It occurred to me the other day that now IE8 was out of beta it was perhaps time to consider web site rendering, in this new latest and greatest improved version of the infamous browser line.
I had downloaded it and installed to one of our spare machines at work but hadn’t really tested any sites in it but started to think about it this morning and how it finally was going to handle Doc type switching.
I had taken an interest early on in it’s development phase at the aspect of rendering modes and the absolute furore that had grown amongst the Standards development community at the suggestion by Microsoft that it would employ some awkward and clumsy method of browser sniffing using the meta tags in a document, given the fact that by and large it was likely that if you were already coding to a set of strict standards there would probably be few real issues I decided to become supine and unconcerned and essentially ignore the browser while in beta development phase, now though I have the need to know exactly how IE8 will deal with this aspect and thus turned to my friend Google for a spot of quick research.
First port of call was the MSDN blogs and this entry Microsoft’s Interoperability Principles and IE8Microsoft’s Interoperability Principles and IE8 although an old article it does seem to confirm the situation as I remember it that IE team had decided to follow the development community wishes that IE8 default to a full standards rendering, instead of having deliberately set browser sniffing in operation via meta tags to ‘turn on’ IE8 Standards mode.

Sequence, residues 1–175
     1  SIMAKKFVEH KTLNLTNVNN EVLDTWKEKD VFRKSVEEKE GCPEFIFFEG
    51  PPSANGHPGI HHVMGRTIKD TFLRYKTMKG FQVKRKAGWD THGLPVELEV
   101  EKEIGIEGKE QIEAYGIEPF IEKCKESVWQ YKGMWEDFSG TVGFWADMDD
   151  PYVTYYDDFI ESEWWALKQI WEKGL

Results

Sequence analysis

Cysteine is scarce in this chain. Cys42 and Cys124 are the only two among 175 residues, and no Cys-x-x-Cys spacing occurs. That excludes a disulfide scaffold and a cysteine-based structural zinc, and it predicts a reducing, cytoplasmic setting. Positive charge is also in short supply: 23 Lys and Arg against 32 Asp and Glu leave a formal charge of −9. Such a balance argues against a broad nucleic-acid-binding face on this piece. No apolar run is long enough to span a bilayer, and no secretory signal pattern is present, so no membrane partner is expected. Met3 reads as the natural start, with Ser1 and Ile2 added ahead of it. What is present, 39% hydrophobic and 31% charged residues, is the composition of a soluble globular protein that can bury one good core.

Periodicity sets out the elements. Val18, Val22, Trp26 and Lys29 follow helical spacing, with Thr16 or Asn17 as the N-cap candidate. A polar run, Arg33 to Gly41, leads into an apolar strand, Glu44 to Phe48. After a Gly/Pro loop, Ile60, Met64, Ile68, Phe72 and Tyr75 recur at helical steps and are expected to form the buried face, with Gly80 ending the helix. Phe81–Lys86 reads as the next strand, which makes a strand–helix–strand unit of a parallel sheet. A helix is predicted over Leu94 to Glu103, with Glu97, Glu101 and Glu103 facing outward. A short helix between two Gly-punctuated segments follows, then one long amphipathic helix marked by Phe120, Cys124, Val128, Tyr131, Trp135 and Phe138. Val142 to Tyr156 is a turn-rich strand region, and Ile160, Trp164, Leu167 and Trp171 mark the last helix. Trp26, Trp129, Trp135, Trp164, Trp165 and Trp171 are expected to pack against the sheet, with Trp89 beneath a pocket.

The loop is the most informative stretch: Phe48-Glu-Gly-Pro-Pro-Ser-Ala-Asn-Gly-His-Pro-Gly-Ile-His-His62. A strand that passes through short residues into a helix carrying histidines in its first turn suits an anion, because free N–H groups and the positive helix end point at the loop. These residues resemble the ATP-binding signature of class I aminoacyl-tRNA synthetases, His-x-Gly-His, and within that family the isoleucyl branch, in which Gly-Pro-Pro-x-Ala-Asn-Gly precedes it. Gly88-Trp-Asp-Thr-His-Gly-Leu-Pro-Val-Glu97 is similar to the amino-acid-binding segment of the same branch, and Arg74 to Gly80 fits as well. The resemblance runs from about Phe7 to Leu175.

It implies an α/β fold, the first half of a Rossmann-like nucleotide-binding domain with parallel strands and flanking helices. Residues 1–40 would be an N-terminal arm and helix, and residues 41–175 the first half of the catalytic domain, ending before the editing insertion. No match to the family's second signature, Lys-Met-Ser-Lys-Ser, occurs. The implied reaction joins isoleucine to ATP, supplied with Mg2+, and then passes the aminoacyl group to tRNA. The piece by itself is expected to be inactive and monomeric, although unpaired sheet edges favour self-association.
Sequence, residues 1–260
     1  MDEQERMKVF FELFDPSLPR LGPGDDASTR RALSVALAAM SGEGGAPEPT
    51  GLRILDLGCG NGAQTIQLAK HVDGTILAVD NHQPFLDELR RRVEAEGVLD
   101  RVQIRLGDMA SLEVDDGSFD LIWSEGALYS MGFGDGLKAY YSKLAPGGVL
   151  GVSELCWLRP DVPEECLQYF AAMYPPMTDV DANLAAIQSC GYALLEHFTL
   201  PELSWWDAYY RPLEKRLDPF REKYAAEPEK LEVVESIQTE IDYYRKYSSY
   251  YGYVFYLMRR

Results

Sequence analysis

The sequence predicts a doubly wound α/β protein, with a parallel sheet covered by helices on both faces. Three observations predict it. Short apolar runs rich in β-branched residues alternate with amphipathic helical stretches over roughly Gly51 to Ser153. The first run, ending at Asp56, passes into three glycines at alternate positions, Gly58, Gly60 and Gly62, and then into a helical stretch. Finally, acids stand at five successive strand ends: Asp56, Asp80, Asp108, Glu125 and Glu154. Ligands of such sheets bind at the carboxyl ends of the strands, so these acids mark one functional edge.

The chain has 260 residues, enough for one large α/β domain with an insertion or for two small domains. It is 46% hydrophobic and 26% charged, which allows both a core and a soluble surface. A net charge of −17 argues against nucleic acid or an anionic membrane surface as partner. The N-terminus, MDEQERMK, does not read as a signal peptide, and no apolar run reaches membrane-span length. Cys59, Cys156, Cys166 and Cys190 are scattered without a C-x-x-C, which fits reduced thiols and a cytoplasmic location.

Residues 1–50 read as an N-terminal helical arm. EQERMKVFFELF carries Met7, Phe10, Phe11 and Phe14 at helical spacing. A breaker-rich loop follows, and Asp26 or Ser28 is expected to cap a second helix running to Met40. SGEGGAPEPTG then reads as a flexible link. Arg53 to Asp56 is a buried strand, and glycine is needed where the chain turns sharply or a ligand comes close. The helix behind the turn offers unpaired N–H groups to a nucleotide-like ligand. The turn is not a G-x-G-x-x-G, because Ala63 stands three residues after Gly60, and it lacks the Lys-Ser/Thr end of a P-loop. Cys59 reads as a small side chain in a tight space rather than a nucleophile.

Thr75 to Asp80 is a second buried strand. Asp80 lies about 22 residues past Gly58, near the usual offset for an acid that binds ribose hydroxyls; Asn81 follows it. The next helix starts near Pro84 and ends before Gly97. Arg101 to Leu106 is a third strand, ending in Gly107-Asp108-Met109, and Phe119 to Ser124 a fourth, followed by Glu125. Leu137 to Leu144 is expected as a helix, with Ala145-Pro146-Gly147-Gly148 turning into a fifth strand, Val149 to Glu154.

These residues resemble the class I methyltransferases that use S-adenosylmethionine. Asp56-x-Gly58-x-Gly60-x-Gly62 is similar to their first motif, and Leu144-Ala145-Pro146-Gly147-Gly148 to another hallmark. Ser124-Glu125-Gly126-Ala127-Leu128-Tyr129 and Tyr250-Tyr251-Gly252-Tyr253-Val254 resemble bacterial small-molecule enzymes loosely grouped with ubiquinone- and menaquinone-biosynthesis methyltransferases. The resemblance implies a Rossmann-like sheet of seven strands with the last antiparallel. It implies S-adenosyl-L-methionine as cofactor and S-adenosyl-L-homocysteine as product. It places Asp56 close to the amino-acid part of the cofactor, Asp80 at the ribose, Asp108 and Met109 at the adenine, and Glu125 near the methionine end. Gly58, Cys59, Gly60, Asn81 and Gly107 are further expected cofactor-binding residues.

So if you actually want IE7 rendering mode (not sure why you would really) you have to explicitly state that using meta tags then IE8 will switch to the older standards rendering mode that IE7 used.
How do we developers handle things? with my limited experience thus far of IE8 but given that I had always thought that if one wrote valid standards compliant pages with full strict DTD then nothing really changes; hopefully we should now see fewer problems and greater acceptance and realisation of Standards, IE6 and IE7 will continue to display with issues and bugs but I will deal with these as I have been doing using Conditional Comment to provide a separate sheet for those browsers.
If one felt the need to force IE8 to render as IE7 then this is the code that one should use:
<meta http-equiv="X-UA-Compatible" content="IE=7" />
Therefore continue using a valid Strict DTD (not sure at this stage how IE8 interprets a Trans mode DTD, but suspect that for full standards mode it will be as before a DTD complete with system Identifier for standards mode rather than quirks) and all should be well with only the need to provide style rules filtered for earlier versions as we have been used to doing.
One final note and something that ought to be shouted from the rooftops is that IE8 finally quashes that most ghastly of conditions that has plagued us for years and been a root cause of so many issues – hasLayout IS AT LONG LAST DEAD! it is at long last removed, gone forever 🙂Tweet
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